Boris Johnson made a string of callous remarks as the Covid crisis unfolded – while resisting measures that could have saved lives, insiders claim.
This week former aide Dominic Cummings ramped up the pressure on the Prime Minister by making a string of explosive allegations about his former boss.
He claimed Mr Johnson rubbished scientists’ fears about the impact of the vaccine, branding it a “scare story” – and may have even suggested being injected with it on TV.
Mr Cummings also claimed the PM regretted putting the country in lockdown and told staffers that the virus “only” killed 80-year-olds.
Mr Johnson – who spent three days in intensive care last year after contracting coronavirus – has previously been accused of saying “let the bodies pile high in their thousands” as he resisted a second lockdown.
Here we look at some of the more extraordinary things the Prime Minister is claimed to have said during the unprecedented crisis.
‘No more f****** lockdowns – let the bodies pile high’
Last month reports emerged that the Prime Minister had a shocking response as pressure mounted on him to bring in a lockdown.
As cases soared and his opponents demanded a ‘circuit breaker’ lockdown to curb the wave of infections, Mr Johnson allegedly told Downing Street aides: “No more f****** lockdowns – let the bodies pile high in their thousands”.
It was reportedly said during a “heated discussion” at Number 10, with several sources collaborating the remark.
While there has since been disagreement over the exact wording, the PM has denied on the record and to Parliament that he made remarks to that effect, saying the claims were “total, total rubbish”.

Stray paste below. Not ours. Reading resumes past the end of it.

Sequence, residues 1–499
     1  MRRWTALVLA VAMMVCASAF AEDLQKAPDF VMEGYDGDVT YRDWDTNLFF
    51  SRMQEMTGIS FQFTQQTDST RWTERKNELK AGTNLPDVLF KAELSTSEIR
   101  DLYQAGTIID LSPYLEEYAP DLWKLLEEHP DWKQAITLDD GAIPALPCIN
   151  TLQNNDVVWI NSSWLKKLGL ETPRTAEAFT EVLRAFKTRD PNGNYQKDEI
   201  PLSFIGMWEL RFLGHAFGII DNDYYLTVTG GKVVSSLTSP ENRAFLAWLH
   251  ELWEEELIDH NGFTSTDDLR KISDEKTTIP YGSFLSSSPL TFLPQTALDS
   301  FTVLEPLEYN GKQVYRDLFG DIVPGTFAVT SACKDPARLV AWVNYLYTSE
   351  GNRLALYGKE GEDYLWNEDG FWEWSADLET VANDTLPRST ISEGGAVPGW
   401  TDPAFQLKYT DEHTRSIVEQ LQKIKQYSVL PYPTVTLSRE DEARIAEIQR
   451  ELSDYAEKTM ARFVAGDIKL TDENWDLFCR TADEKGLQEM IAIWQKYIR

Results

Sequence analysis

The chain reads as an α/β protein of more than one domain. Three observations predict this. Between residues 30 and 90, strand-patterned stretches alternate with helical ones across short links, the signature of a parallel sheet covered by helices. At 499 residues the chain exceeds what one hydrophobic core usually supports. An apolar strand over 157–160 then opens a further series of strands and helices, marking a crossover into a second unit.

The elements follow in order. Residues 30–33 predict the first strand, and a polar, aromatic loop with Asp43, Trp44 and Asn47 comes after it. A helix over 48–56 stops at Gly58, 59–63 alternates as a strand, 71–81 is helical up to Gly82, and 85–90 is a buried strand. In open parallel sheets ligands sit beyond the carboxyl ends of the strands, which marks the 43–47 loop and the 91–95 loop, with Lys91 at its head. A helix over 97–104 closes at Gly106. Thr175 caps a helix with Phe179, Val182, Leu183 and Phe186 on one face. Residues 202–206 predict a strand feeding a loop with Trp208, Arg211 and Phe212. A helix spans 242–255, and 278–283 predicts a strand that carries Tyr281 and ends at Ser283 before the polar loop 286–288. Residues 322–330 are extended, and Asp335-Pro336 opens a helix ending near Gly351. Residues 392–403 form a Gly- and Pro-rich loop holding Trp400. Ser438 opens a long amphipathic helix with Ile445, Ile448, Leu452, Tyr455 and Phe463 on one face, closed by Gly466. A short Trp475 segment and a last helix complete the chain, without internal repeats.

Mr Cummings this week told a joint inquiry of the Commons Health and Social Care and Science and Technology Committees: “I heard that in the Prime Minister’s study.
“That was not in September though, that was immediately after he finally made the decision to do the lockdown on October 31.”
Virus is ‘only’ killing 80 year olds
The PM was more worried about economic damage than thousands of deaths – telling aides that Covid was “only” killing 80-year-olds, it is claimed.
Mr Cummings this week told MPs that the PM argued against a second full lockdown because those who were dying were elderly.
And a source backed up the claim, telling the Mirror Mr Johnson had added: “If I was 80 I wouldn’t care, I’d be more worried about the economy”.
Challenged about the alleged remark, Mr Johnson failed to deny saying it.
At Prime Minister’s Questions on Wednesday, Labour leader Keir Starmer reminded the Prime Minister that more than 83,000 people over 80 lost their lives, and asked Mr Johnson directly if he had used the words.
The Tory leader dodged an answer, instead replying: “Of course this will be a matter for the inquiry to go into … I am absolutely confident that we took the decisions in the best interests of the British people.”
The Labour Party leader said: “I note that the Prime Minister’s careful not to refute these allegations.”
Should have been like Jaws mayor and not locked down
Mr Johnson voiced regret about putting England in lockdown and said he “should have been the mayor of Jaws” – a reference to the infamous 1975 disaster movie.
Addressing MPs this week, Mr Cummings claimed the Prime Minister was worried the travel industry would be “destroyed” if a serious border policy was implemented, and wished he had held firm against lockdowns.